Transphobia, Discrimination and the Delivery of Homeless Services

Look around your community and you may find there are some services that identify as being Women’s Services or Men’s Services. You may even find a co-ed shelter that has a Men’s Dorm and a Women’s Dorm. Is that based upon biological sex? Or is that based upon self-identified gender? For example, if someone that is biologically a male identifies as a female, is she (an intentional use of a pronoun here) accepted and permitted within the Women’s Services and Dorm?

I am biologically male. I identify as male. I identify as heterosexual. I am overwhelmed by the amount of transphobia and discrimination within homeless service providers. Not all, to be sure, but enough that I felt compelled to write a blog about it. Too many services have no desire to consider service delivery based upon preferred gender identity. Instead, the default is exclusion, misgendering (assigning services based upon perceived gender rather than self-identified gender) – which can be accidental or intentional, and a lack of acceptance. While great strides have been made to counter sexism and homophobia (well, comparatively anyways), there still seems to be a considerable amount of fear of people that are transgender or do not subscribe to any other type of gender norm.

Identifying as a transgendered person comes with considerable risks. There are considerable rates of violence and verbal abuse experienced by transgendered persons. There is also quite a lot of discrimination experienced in employment, access to health care, and education – and of course delivery in homeless services.

I am a proponent of serving people in the gender that they identify with, and not creating mechanisms to further discriminate against people. Let me, though, take on some of the questions and comments I have heard in my travels.

If you have a Woman’s Dorm and then you have a transgendered person wanting to stay there, it makes all the women in the dorm upset. They don’t want that person (My Note: “her”) there.

This is an opportunity for education and teaching acceptance, as well as normalizing services to transgendered persons if the person identifying as female stays in the Woman’s Dorm. If you accept the premise that the other women are upset and then discriminate based upon their preference, how is that any different than, say, a dorm full of white people saying it makes them upset to have an Asian, Hispanic or African American person stay with them and wanting you to make concessions based upon the preference of the white majority in the dorm? You wouldn’t. Nor should you.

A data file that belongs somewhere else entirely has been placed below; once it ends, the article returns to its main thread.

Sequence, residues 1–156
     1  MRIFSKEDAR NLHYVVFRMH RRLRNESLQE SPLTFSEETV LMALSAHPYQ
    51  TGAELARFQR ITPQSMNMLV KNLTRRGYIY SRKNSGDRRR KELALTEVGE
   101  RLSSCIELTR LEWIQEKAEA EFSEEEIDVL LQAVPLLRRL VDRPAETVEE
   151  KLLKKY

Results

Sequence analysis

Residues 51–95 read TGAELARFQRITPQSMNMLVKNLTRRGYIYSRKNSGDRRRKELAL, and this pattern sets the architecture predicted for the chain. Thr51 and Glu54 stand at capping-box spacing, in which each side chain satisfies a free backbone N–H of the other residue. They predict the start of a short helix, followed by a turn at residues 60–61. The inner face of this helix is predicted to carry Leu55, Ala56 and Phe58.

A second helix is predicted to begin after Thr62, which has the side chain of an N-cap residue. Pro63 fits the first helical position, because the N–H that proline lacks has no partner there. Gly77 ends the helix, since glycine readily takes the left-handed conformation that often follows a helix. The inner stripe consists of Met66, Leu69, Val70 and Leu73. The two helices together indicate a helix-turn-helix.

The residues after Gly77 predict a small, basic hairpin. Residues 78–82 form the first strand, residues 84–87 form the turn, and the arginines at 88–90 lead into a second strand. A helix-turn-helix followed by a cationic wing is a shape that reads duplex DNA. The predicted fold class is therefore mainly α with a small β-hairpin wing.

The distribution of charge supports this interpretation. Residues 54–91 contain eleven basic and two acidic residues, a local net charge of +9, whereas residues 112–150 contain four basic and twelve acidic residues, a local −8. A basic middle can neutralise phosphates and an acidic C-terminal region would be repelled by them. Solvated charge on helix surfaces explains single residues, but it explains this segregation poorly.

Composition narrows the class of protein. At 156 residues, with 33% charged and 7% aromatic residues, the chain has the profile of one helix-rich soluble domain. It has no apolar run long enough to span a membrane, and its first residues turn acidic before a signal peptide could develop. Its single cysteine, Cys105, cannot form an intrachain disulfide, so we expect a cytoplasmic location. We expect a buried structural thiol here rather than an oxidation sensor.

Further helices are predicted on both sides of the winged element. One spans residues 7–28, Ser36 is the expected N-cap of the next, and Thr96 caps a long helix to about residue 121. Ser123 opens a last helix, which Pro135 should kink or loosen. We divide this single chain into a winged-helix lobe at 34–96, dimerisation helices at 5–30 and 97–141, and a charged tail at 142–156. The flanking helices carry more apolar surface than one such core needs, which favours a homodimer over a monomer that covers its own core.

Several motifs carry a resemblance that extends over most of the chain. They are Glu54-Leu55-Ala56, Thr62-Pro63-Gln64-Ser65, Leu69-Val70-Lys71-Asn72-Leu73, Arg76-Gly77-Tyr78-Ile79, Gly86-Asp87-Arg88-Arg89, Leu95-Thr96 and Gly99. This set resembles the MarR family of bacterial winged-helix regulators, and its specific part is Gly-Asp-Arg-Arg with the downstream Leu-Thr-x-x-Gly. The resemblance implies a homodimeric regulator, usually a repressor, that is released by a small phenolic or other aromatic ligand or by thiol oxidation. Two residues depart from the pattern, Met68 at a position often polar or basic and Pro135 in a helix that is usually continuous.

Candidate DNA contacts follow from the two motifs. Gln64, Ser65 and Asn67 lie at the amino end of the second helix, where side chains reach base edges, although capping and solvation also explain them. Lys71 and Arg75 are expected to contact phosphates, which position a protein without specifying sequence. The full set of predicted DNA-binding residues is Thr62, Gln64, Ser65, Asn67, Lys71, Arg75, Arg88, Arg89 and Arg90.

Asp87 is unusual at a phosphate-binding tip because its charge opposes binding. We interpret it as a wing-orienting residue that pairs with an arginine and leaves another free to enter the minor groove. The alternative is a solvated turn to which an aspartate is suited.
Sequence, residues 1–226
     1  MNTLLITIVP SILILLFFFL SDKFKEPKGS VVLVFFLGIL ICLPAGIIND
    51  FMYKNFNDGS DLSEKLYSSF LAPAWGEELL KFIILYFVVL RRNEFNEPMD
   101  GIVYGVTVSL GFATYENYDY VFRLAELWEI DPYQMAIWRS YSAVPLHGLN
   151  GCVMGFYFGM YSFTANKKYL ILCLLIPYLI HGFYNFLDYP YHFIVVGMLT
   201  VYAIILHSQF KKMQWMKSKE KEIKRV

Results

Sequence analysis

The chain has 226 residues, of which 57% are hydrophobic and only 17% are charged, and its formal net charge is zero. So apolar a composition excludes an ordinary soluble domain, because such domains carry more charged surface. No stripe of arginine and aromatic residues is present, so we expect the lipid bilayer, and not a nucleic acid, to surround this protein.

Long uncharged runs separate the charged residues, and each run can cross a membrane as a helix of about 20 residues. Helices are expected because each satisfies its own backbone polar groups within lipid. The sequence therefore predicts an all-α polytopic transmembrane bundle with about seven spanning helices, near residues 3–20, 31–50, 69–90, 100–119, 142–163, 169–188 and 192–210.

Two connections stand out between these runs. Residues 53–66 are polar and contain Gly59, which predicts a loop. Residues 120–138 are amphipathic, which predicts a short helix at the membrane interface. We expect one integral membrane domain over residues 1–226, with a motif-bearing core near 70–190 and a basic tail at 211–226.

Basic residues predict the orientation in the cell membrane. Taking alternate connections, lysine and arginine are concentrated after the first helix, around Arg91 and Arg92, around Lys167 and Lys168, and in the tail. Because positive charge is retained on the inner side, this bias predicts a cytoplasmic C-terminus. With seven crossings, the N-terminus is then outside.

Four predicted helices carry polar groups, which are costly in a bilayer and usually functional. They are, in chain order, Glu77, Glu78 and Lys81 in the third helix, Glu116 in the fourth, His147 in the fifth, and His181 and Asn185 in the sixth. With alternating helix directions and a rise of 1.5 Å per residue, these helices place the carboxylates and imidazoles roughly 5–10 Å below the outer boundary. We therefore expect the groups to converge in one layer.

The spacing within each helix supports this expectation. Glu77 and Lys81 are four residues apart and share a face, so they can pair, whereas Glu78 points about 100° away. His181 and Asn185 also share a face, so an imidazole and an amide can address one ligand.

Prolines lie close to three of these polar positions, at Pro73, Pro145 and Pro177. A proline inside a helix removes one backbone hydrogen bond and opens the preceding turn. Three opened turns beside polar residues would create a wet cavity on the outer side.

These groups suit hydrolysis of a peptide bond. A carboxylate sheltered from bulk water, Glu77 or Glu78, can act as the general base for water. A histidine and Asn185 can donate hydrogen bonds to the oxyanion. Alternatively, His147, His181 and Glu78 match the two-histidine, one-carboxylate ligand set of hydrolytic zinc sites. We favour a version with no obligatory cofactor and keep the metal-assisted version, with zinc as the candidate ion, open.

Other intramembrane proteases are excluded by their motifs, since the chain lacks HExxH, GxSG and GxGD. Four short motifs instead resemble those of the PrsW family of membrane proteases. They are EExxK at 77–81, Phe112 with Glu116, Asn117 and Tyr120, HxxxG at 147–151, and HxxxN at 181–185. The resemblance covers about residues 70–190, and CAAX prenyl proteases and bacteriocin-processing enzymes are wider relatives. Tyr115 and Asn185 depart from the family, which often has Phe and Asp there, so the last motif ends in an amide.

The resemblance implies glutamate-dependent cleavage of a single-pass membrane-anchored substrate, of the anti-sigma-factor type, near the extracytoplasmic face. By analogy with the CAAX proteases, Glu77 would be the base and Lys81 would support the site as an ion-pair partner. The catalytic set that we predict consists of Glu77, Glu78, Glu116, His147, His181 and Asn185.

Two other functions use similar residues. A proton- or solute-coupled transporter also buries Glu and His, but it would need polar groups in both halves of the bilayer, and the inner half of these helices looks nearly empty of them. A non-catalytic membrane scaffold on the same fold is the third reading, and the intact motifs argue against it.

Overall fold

We have to protect the safety of the women. We can’t have someone like that in there. And when they don’t dress like or wear their make-up like a woman or take off their wig, the ladies get really upset.

Yup – “someone like that”. So what does it mean to be a woman, then? There are no shortages of stereotypes woven into this. I doubt there is a dress code or make-up code that all women must abide to in the shelter. Asking someone to keep an exterior appearance of matching stereotypes of womanhood is not a reasonable expectation for anyone.

We can accommodate and tolerate transgendered persons through a special room we have.

Is exclusion really the answer? I am all for creating safe spaces. They may be warranted in some circumstances. Key to me, though, is that having a “special room” is a choice, not something forced upon people that identify as transgendered. Also, I think we should try to champion for inclusion and acceptance rather than accommodation and tolerance.

It puts everyone else at risk. There is the risk of sexual assault and other types of violence.

Risks are present in all types of congregate settings. Lots of things can cause tension. How we manage a non-violent environment is important. How we create acceptance and integration and inclusion is important. Fear, in this instance, is not a compelling reason to NOT serve someone.